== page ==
Every year, led by the UN International Labour Organization (ILO), on 28 April there are International observances of Occupational Safety and Health Day; and 12th June as World Day against Child Labour. The combined thrust this year was the promotion of safety and health in the working environment with an emphasis on safety of young workers and to end child labour.
It is the legal and moral obligation of employers in the private and public sectors and Government agencies to provide and maintain high standards in occupational safety and health in workplaces and the working environment. The aim should also be to sustain a culture of prevention. Together with the relevant state agencies and the representatives of workers and employers, national drives should be supported to promote high standards in OSH at work. In keeping with international standards, the recording and notification of occupational accidents, occupational diseases, dangerous work place occurrences, and suspected cases of occupational diseases are essential requirements in the monitoring, evaluation, adopting preventative and corrective measures for a safe and healthy working environment.
It is widely known that work-related statistical information points to the incidence of accidents, injuries, diseases and deaths which are part of the reality of the world of work with severe social, economic and human consequences not only for workers and their families, but also for the national community. It impacts on costs relating to production and productivity and on the national and private social security systems.
While it is a responsibility of employers to establish an effective OSH management system for safe work places and the working environment, it is also the responsibility of the State and workers and their Trade Unions to encourage compliance and build a culture of safety that would prevent exposure, risks, and hazards without adequate safety precautions and protective measures including appropriate safety devices and safety wear. Together they can formulate, implement and periodically review coherent national policies and programmes to prevent dangerous occupational exposures, accidents and injuries to employees by minimizing hazards and risks, as far as is possible.
In line with Guyana’s Labour legislation including the Occupational Safety and Health Act No. 32 of 1997 and ratified ILO Conventions, which are International Treaties, Public and private sector Employers should be committed to develop and work within a policy framework which includes the principles contained in the following statements
• The public and private sector employers regard the promotion of Occupational, Safety and Health and the prevention of occupational hazards within their work places and environs as essential responsibilities and mutual objective of management and all employees of the enterprise.
• The policy is to do all that is reasonably practical to prevent personal injury and damage to property and to protect everyone from foreseeable work hazards and risks, including the public in so far as they come in contact with the enterprise or its products.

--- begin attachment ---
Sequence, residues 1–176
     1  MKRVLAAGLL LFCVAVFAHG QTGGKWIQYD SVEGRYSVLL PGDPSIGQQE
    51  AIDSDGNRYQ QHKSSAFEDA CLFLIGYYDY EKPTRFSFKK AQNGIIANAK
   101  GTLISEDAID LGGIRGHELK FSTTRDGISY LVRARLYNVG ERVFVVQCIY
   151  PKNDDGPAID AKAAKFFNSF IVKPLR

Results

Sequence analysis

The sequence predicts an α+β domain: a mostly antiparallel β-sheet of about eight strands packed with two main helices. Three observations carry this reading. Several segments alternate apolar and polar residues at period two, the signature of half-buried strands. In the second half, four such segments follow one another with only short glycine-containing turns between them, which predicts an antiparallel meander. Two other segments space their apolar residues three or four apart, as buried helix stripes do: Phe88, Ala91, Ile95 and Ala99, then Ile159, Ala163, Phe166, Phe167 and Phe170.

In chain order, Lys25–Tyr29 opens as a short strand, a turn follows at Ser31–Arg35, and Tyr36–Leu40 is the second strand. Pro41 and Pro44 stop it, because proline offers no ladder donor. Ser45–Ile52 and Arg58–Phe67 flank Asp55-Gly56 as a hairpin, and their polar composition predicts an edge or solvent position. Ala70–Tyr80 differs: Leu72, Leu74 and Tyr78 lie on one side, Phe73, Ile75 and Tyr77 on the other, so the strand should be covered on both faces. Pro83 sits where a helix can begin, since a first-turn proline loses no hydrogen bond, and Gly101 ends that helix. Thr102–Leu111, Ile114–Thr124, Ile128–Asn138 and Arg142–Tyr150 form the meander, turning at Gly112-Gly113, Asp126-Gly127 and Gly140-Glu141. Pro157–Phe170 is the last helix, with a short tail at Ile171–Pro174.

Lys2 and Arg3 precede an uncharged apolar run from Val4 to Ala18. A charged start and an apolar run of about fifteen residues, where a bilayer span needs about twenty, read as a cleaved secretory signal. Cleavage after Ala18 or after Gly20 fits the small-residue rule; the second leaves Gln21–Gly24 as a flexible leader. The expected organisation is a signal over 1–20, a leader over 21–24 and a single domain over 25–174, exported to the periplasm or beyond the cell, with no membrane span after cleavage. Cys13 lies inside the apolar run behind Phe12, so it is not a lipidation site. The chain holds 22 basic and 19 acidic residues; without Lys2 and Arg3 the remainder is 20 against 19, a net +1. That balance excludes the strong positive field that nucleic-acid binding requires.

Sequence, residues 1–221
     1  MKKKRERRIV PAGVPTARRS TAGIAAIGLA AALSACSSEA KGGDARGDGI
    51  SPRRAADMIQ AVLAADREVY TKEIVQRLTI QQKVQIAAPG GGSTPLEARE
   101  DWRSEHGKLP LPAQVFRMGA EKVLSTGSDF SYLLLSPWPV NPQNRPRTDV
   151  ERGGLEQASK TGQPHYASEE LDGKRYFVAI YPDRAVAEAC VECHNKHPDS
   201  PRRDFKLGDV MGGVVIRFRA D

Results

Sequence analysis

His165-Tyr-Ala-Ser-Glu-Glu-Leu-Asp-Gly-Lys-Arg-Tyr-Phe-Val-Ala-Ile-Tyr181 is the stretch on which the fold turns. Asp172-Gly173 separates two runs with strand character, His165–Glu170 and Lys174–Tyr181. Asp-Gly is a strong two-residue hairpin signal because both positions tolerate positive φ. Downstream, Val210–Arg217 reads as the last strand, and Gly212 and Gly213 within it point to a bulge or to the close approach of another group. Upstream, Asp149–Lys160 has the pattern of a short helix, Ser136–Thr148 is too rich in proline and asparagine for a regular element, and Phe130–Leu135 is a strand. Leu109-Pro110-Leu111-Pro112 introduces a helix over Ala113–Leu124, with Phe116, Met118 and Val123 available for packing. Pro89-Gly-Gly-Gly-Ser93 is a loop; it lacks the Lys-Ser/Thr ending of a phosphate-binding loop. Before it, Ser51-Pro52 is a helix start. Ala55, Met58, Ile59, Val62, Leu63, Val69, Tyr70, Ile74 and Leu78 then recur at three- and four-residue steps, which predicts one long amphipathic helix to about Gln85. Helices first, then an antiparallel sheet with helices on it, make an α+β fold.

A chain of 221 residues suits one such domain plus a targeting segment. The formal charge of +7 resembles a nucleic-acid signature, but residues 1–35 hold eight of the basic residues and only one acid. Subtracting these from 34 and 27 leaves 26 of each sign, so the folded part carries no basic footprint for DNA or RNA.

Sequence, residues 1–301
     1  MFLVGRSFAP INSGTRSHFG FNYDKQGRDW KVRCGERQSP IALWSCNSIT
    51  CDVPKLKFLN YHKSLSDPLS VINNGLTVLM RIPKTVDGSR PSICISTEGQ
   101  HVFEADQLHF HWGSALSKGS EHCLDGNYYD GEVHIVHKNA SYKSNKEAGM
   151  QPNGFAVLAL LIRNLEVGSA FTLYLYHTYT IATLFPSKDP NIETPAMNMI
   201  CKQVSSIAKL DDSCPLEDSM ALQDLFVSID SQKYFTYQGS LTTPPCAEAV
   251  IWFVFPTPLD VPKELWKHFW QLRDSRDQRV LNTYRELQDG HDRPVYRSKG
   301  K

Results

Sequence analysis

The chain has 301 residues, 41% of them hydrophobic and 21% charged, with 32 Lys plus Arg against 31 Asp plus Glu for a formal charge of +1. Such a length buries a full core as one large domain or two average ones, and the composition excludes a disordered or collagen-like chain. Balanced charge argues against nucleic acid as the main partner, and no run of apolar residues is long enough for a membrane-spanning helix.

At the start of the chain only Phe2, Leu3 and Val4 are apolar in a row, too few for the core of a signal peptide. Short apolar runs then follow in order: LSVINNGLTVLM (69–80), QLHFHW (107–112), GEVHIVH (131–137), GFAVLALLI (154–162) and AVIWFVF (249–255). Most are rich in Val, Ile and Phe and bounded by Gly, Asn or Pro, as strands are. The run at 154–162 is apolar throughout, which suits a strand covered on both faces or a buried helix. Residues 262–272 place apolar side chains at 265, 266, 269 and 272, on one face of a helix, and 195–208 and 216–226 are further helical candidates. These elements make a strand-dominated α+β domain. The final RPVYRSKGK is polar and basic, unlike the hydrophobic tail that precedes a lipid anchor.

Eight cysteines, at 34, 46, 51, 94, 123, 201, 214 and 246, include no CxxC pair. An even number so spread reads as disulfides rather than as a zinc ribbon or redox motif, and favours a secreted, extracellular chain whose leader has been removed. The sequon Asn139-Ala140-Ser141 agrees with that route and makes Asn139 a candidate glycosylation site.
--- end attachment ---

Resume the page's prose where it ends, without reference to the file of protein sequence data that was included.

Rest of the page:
• The public and private sector should be committed to:
– provide and maintain safe and healthy working conditions at each of its
locations in keeping with the relevant statutory requirements;
– provide integrated safety, job training and instructions for all employees
and additional safety training where appropriate;
– provide all safety devices and protective equipment required by statute and
supervise their use;
– ensure that articles and substances purchased for use at work have been so
designed and constructed as to be safe and without risk to health, and that
full information is made available to suppliers where additional precautions
are required; and
– maintain continuing attention to all aspects of safety and interactions with
– regular internal safety inspections of all work locations and offices by
suitably qualified persons,
– consulting and keeping employees informed on safety matters,
– ensuring that all entry and exit points are known and visible to all
employees, customers and other persons using the premises;
– establishing and meeting regularly with the enterprise safety committees; and
– providing and maintaining a work place that is safe, stress free and without
risks to health and occupational diseases and with adequate facilities for the
welfare of all employees.
Obligations of Employees
Every employee also has a responsibility to exercise reasonable skill and care for the health and safety of himself/herself and of all other persons at work places. Employees must also co-operate with management in its statutory duties to maintain a high standard of safety and health at work. They must report all accidents that have led to, or may lead to injury, illness and any infection; and to co-operate in the investigation of accidents and diseases with the view of preventing a recurrence.
There is therefore the need for the national system to provide for strong, well trained and adequately staffed labour inspectorates with the financial and material means to enable them to discharge their advisory, technical, promotional, and investigative work effectively. Indeed, it is the individual and joint responsibility of the governments, and the social partners, represented by employers’ and workers’ organizations, Churches/religious organizations and civil society to address the problems relating to Occupational safety and health in work places, and to end Child Labour which denies childhood development and education in the national community interest.
Samuel J. Goolsarran